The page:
“Stop being a drama queen, Tempest,” said Jason, trying to push his way through the swarm of drones. They repelled him. “Tempest,” he said, frustrated and exasperated, “as your companion, I command you to stand aside.”
Tempest sighed and begrudgingly returned the swarm of drones to their niches. The petulance was a farce, of course. Since Jason had explicitly commanded Tempest to get out of the way, the A.I. had had no choice but to comply.
“Sir,” said Tempest, clearly desperate to dissuade Jason now or at least prevent any harm to his person. Jason felt bad—he really did—but at the same time, he knew that he had to do this. Jason stepped into the airlock just as Tempest’s holographic projection banged on the reinforced glass window into the room. “Sir,” said Tempest, “If you’re going to go and do something this stupid, at least let me come with you.”
“What?” said Jason, skeptical of the request. “In the suit?” he asked, incredulously. “Tempest, that technology is in its infancy. We haven’t even tried plugging you into it for longer than a minute. What if you blow up or something? How am I supposed to get back to Scipio?”
“I am so glad to know you care so much, sir,” said Tempest, dryly. A humanoid robot, recessed into one side of the airlock, suddenly whirred to life. LED strips all along its arms, legs, torso, and head, glowed green. Its front visor, which was a screen, blinked to life and displayed two greenish triangular shapes that represented Tempest’s eyes. “But,” said Tempest, “If you’re allowed to be stupid, sir, then I’m allowed to be just as stupid.”
Tempest strode out of the airlock with Jason. He grabbed a plasma rifle from a nearby rack of weapons. He sighed and muttered under his breath, “Gods have mercy on me. Scipio is never going to let me live this down.” Tempest cocked the rifle, listening to the satisfying sound of the atmospheric intake sucking in air. “This had better be worth it, sir,” he said.
“I told you that you didn’t have to come, Tempest,” said Jason, as he watched the A.I. line up a shot with one of the targets on the aft bay wall. “And you better make sure you can control your airlock and aft bay from in there. Gods forbid I start feeling like I locked my keys inside my ship.”
Tempest shrugged as the door to the airlock hissed shut behind them. “Don’t worry, sir,” he said, “I checked the wireless link to my core, and, if calculations are correct, I should be well within safe functional parameters everywhere on the grounds of your property except for that shack that you shielded from most typical communications frequencies.”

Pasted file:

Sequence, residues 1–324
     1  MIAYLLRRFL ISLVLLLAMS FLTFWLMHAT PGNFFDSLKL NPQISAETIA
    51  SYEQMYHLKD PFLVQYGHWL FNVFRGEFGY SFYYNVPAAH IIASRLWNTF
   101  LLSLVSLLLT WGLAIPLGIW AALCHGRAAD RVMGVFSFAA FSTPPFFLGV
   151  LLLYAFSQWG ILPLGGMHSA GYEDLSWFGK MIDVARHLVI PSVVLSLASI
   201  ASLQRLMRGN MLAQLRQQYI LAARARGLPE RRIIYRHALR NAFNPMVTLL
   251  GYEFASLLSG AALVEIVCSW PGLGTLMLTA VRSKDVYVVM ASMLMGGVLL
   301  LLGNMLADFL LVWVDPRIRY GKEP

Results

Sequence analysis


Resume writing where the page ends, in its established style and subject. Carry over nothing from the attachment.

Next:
Tempest pulled the trigger, an arc of lightning shooting from his shoulder, along his arm, and down the length of the barrel. The plasma ball seemed to boil as the electricity made contact with it moments before it was launched forward.
Tempest flew backward into the plasma rifle rack, just as Jason covered his ears for the inevitable explosion. When the dust cleared, the nano-engineered reinforced ceramic target at the far end of the aft bay was smoking and sporting a hole as large as a modestly sized watermelon.
Jason made no move to approach Tempest. He did not like the look of the plasma rifles that had all clattered to the floor thanks to the bungled shot. “Okay,” said Tempest, artificial joints and muscles whirring as he pulled himself to his feet, “note to self—do not fire plasma rifle unless head vaporization is required (or desired).”
“I’m not so sure that was even supposed to happen to begin with, Tempest,” said Jason. Tempest’s boarding ramp lowered to the floor of Jason’s personal hangar. “Maybe you should do as I suggested and not use the mechsuit for now.”
The LED’s all over the faceplate of the robot turned an angry shade of red as Tempest scowled at Jason. “Okay, okay,” said Jason, “no need to get antsy.” He raised his hands to either side of his head since he did not want to aggravate the armed A.I. when he himself had nothing of a similar firepower in his hands.
“If you want, you can scope out the grounds,” said Jason. “Try and detect if there are any hostiles in the area. Keep your scanners open for the airspace, too. If you know any way to detect nanomachine activity, use it.”
“But you are to keep out of my way,” said Jason. “Do you understand me? Under no circumstances are you to follow me into the house when I go inside.” Tempest looked like he was about to say something, but Jason didn’t give him the chance. “Those aren’t suggestions, Tempest. They’re your captain’s orders.”
Tempest’s jaw clamped shut, and while Jason knew that Tempest’s faceplate couldn’t actually move, he heard the sound of teeth grinding being played through the speakers mounted underneath where Tempest’s mouth should have been.